On October 22, 2009 Microsoft reached the final milestone of the Windows 7 release schedule, namely general availability. Customers worldwide have already started embracing the product, buying 234% more boxed retail copies of Windows 7 since the official launch compared to the first few days after Windows Vista GA. The NPD Group took into consideration only sales of Windows 7 through the retail channel in the US in order to note that Windows 7 retail sales were outpacing those of Vista, but it’s likely that actual sold licenses of the latest Windows client are more than reported by NPD, taking into account the fact that the platform is available pre-installed on OEM computers, as well as offered for download through online outlets such as Microsoft Store.
Windows 7 guarantees a completely revolutionary UX for users upgrading from Windows XP, and evolutionary, as Microsoft itself has put it, for those that migrate from Vista. Either way, the latest edition of Windows brings a consistent range of enhancements that set Windows 7 apart from its predecessors. Assessing the value associated with the innovations introduced in Windows 7 certainly leads to recommendation lists with more than seven items.
Users will find that some of the new Windows 7 features and capabilities will come into focus more than others. Without having this aspect become a representation of the value they will bring to end users, there are things that customers will want to try ahead of anything else. Below is a list with seven of them, although in all fairness, users that will actually keep count will find that the limit of seven items “might” not have been respected entirely. More »
The final version of Microsoft’s Security Essentials (codename Morro), the basic security solution the Redmond company is working on delivering for Windows, is expected to become available in a matter of weeks, at least this is what the software giant announced on Sunday in a note sent to beta testers. The MSE solution should come to the company’s client as the replacement for Windows Live OneCare, which will end its life cycle as soon as the new security software arrives.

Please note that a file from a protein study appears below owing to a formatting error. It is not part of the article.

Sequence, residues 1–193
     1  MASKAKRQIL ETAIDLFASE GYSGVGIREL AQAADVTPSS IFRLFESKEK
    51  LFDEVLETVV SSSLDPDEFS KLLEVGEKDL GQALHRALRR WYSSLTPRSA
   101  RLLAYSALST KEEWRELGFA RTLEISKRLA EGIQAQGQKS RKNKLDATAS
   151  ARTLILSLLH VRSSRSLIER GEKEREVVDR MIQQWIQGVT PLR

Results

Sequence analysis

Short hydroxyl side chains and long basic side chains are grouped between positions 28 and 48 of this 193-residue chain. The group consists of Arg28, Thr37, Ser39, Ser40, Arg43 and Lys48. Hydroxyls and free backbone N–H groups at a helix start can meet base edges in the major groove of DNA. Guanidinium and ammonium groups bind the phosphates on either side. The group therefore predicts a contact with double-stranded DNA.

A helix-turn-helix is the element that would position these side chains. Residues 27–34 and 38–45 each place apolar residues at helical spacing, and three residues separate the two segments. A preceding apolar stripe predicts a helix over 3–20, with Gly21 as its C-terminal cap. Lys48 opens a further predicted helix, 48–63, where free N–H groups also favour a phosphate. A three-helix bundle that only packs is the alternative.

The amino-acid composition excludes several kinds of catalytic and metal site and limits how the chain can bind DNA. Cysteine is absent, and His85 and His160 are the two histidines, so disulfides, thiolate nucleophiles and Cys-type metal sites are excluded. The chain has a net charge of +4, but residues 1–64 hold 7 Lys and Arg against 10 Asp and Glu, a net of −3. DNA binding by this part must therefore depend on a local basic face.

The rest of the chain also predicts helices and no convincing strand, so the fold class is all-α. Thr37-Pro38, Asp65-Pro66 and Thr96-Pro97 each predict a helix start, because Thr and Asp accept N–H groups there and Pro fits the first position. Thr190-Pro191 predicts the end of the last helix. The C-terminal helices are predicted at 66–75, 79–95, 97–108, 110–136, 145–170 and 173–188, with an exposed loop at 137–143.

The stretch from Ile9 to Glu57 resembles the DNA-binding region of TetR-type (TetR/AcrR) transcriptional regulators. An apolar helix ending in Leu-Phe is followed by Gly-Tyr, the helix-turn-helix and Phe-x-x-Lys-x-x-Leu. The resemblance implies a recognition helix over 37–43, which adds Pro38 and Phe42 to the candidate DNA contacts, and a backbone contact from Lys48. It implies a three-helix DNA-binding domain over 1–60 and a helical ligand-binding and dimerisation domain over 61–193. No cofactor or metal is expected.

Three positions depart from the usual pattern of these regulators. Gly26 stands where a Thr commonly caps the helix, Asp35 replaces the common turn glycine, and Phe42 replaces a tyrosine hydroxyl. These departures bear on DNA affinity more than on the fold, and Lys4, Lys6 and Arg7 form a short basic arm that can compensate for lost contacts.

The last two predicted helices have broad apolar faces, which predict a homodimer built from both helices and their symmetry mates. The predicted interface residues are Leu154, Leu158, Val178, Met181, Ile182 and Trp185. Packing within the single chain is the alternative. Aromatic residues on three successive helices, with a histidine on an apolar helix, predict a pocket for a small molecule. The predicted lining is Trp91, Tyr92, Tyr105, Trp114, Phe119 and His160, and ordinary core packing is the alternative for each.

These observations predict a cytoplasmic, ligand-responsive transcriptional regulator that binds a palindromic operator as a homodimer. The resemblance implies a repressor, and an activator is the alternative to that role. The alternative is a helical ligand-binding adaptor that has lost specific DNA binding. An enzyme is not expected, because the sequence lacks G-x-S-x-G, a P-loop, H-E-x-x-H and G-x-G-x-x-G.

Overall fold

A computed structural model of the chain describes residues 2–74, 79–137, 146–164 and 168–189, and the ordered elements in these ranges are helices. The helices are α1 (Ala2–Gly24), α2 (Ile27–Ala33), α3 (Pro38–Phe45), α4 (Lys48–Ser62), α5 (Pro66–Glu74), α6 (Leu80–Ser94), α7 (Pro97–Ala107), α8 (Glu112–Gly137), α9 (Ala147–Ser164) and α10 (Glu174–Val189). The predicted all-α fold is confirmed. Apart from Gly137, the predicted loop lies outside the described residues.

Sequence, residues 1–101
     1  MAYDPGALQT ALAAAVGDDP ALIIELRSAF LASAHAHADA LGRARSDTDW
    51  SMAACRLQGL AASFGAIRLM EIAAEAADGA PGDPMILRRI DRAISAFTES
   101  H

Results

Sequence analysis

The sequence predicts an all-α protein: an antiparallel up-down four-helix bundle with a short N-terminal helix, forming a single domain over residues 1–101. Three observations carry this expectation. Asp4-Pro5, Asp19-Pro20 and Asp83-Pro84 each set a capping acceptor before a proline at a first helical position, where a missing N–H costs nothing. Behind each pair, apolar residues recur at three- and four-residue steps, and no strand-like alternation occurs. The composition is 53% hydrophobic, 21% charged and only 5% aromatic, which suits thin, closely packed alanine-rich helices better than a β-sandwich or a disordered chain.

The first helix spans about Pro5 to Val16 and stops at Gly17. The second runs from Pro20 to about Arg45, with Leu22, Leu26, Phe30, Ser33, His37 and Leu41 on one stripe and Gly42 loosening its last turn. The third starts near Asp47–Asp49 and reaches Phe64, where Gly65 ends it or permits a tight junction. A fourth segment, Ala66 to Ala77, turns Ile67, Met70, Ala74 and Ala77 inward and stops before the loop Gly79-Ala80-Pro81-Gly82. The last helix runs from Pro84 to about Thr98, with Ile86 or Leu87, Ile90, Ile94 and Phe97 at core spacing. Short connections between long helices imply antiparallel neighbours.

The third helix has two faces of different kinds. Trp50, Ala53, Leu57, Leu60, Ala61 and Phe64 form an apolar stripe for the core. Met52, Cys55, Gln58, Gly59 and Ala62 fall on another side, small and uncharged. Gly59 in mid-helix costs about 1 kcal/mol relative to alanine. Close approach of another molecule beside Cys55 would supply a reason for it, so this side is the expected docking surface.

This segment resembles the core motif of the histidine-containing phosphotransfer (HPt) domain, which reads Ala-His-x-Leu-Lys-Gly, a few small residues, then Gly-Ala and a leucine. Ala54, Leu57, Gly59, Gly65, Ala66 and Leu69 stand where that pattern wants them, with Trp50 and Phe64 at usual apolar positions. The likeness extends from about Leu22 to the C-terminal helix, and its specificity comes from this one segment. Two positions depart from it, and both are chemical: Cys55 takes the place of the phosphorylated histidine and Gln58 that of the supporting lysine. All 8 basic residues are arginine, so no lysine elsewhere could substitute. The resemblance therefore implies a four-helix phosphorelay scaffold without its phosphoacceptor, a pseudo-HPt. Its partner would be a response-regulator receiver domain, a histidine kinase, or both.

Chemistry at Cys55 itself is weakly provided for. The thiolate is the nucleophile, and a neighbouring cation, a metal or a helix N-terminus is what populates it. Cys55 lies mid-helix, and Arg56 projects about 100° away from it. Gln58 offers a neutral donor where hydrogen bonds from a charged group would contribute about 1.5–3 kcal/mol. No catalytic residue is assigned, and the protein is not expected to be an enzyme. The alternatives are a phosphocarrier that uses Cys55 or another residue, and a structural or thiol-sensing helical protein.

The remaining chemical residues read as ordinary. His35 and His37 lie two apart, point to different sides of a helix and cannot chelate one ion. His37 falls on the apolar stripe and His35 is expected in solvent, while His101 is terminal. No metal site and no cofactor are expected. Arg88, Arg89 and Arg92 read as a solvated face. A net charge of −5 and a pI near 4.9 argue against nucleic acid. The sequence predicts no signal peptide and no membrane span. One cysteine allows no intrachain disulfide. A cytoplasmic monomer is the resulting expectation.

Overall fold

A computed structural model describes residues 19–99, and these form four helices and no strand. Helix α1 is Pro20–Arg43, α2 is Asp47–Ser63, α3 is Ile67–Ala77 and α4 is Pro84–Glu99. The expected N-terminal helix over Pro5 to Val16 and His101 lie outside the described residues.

“The final version of Microsoft Security Essentials will be released to the public in the coming weeks. If you are running the older version of the beta (1.0.1407.0), we encourage you to upgrade to a newer version of the beta (1.0.1500.0),” is what Microsoft reportedly said to the participants to its beta testing program. Microsoft Security Essentials 1.0 beta went live officially on June 23 this year, and we’ve already seen a series of updates leaked on the web and made available for download.
According to some estimations there are more than 400,000 beta testers for Morro out there, with 75,000 people downloading the Security Essentials during the first day of public availability, thus allowing Microsoft to reach its aimed number of testers in only a day. The final version of Microsoft’s new security solutions is expected to come to Windows users for free, offering them an alternative to paid antivirus software in case they are unable to purchase such a solution. More »
Come June 23rd, 2009, Microsoft will open up codename Morro, its upcoming free security solution designed to replace Windows Live OneCare 2.0, to the public. The Redmond company offered official confirmation that codename Morro had been rebranded as Microsoft Security Essentials, and that the first Beta for version 1.0 was ready to debut next week. Access to Microsoft Security Essentials 1.0 Beta will be granted to testers in the United States, Brazil and Israel, the software giant informed. The information provided by Microsoft comes after screenshots of Morro made it into the wild, followed by the actual bits, leaked a couple of days ago.
“The Microsoft Security Essentials Beta will be made publicly available in Brazil, Israel and the U.S. starting June 23 at about 9am PDT from www.microsoft.com/security_essentials, and general availability is scheduled for later this calendar year,” a Microsoft spokesman told pctipsbox. More »